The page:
War Surgery and Medicine
Appendix I — VISUAL GRADING IN NEW ZEALAND
VISUAL GRADING IN NEW ZEALAND
A statistical survey of visual gradings and eye conditions was made by the Institute of Opticians in August 1941, and it covered 2579 recruits from the group of single men aged 21 to 40 years who were examined at six North Island centres. The visual grading were found to be: Grade I, 2324 (90.11 per cent); Grade II, 161 (6.24 per cent); Grade III, 81; page 444 Grade IV, 1, and referred cases, 12; a total of 94 (3.65 per cent) lower than Grade II.
Of those in Grade I 220, or 9.47 per cent, were referred for further examination in camp for the possible supply of glasses. It was estimated that 6–7 per cent of this Grade I group would require glasses to be visually efficient. In Grade II 119, or 73.9 per cent, required glasses, having high visual and refractive errors.
The reasons for Grade III grouping were: Myopia (—2.50 to —16.00 dioptres), 66 cases; high hyperopia, astigmatism, amblyopia, 9 cases; myopia with strabismus, 2; cataract, 2; recent eye operation, 1; optic atrophy, 1. The Grade IV case had congenital subluxation of the crystalline lenses. The referred cases had suspected active pathology.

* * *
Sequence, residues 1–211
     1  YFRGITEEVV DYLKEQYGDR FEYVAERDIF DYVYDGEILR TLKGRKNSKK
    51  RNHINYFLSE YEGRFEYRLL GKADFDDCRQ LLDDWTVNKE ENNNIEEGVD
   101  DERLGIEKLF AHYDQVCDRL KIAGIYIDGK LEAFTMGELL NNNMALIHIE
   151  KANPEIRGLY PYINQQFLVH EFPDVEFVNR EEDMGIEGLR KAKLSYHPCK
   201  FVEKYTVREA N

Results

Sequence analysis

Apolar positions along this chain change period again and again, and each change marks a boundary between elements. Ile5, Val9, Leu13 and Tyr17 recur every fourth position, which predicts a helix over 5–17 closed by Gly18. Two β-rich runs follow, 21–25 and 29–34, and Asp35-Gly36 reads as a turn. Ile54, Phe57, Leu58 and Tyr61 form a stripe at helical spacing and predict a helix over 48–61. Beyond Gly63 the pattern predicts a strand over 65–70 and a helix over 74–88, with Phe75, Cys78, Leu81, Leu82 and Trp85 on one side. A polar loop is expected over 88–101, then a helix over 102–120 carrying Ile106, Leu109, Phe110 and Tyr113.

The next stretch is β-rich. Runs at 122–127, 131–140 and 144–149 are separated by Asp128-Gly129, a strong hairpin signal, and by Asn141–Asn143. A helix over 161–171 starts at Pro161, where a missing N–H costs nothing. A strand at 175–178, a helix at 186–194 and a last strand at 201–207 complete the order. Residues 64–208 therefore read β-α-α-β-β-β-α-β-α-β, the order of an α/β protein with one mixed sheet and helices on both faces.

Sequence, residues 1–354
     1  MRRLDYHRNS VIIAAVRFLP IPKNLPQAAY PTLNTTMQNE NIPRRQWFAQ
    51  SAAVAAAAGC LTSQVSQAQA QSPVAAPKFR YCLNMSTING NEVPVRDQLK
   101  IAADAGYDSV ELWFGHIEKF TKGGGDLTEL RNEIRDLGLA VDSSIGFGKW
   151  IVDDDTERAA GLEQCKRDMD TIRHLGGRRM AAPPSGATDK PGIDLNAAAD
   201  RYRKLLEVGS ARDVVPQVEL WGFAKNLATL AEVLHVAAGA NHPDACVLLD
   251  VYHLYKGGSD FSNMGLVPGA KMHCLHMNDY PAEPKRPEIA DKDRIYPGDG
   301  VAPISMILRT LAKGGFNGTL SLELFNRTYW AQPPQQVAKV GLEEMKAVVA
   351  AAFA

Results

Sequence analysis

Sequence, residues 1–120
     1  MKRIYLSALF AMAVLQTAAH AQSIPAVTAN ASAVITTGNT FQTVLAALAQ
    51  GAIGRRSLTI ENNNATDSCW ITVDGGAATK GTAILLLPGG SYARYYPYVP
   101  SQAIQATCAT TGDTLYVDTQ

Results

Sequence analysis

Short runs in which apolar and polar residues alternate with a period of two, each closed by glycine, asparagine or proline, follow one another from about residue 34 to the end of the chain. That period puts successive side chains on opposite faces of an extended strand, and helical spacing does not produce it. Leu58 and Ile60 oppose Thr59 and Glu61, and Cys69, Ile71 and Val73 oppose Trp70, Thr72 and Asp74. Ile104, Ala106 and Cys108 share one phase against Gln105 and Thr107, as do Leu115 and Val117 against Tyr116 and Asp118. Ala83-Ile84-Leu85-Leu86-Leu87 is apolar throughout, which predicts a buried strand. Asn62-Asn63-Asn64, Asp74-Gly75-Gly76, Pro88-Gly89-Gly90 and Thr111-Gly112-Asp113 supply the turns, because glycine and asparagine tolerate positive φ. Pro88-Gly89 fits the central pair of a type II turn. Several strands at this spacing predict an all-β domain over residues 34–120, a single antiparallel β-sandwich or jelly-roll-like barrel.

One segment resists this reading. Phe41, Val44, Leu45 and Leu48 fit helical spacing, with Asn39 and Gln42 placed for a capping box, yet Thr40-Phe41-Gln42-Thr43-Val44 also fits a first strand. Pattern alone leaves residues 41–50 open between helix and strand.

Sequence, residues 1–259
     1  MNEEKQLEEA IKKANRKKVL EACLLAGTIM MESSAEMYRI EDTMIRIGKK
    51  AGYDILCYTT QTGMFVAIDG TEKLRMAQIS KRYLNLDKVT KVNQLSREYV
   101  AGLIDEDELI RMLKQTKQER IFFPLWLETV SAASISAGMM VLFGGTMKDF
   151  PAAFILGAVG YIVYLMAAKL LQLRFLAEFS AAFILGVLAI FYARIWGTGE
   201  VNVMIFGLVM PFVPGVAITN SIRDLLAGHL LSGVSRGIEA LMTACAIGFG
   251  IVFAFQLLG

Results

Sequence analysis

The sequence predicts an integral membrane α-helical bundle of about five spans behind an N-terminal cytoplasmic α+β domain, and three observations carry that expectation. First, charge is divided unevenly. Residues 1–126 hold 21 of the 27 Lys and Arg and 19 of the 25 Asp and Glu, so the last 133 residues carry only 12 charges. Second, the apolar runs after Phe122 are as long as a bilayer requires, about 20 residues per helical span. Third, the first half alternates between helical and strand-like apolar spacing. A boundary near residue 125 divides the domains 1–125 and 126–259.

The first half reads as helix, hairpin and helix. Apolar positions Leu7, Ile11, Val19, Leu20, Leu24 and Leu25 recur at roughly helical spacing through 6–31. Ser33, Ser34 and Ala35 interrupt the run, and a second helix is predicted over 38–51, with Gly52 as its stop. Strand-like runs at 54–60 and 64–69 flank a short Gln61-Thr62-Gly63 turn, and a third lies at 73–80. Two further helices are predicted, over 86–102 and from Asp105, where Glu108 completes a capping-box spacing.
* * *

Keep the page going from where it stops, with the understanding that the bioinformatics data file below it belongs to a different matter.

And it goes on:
Colour vision statistics were: Normal, 2366 (91.74 per cent); defective but safe, 91 (3.53 per cent); defective unsafe, 122 (4.73 per cent).
The opticians observed that relatively few more men would be obtained by lowering the standard of Grade I men. They pointed out that no attention was given to the loss of vision being in the right eye. They also stressed the danger of accepting as Grade III one-eyed men or high myopes because of the possibility of complete or serious loss of vision in these cases. They recommended only slight modification in the standards with regard especially to the elimination of the one-eye cases and high myopes. They suggested the subdivision into three categories.
It is noted that 66 of 81 cases graded III were myopes with a range of —2.50 to —16.00 dioptres. In the opinion of some ophthalmologists the majority of these cases are fit to serve overseas. Brigadier Sir William Duke-Elder, British Army Consultant, stated that myopes up to 6 and 7 dioptres were accepted by the British Army for service overseas. Lieutenant-Colonel Hope-Robertson, ophthalmic consultant to the forces in New Zealand, considered that a large number of physically fit myopes were unnecessarily debarred from overseas service.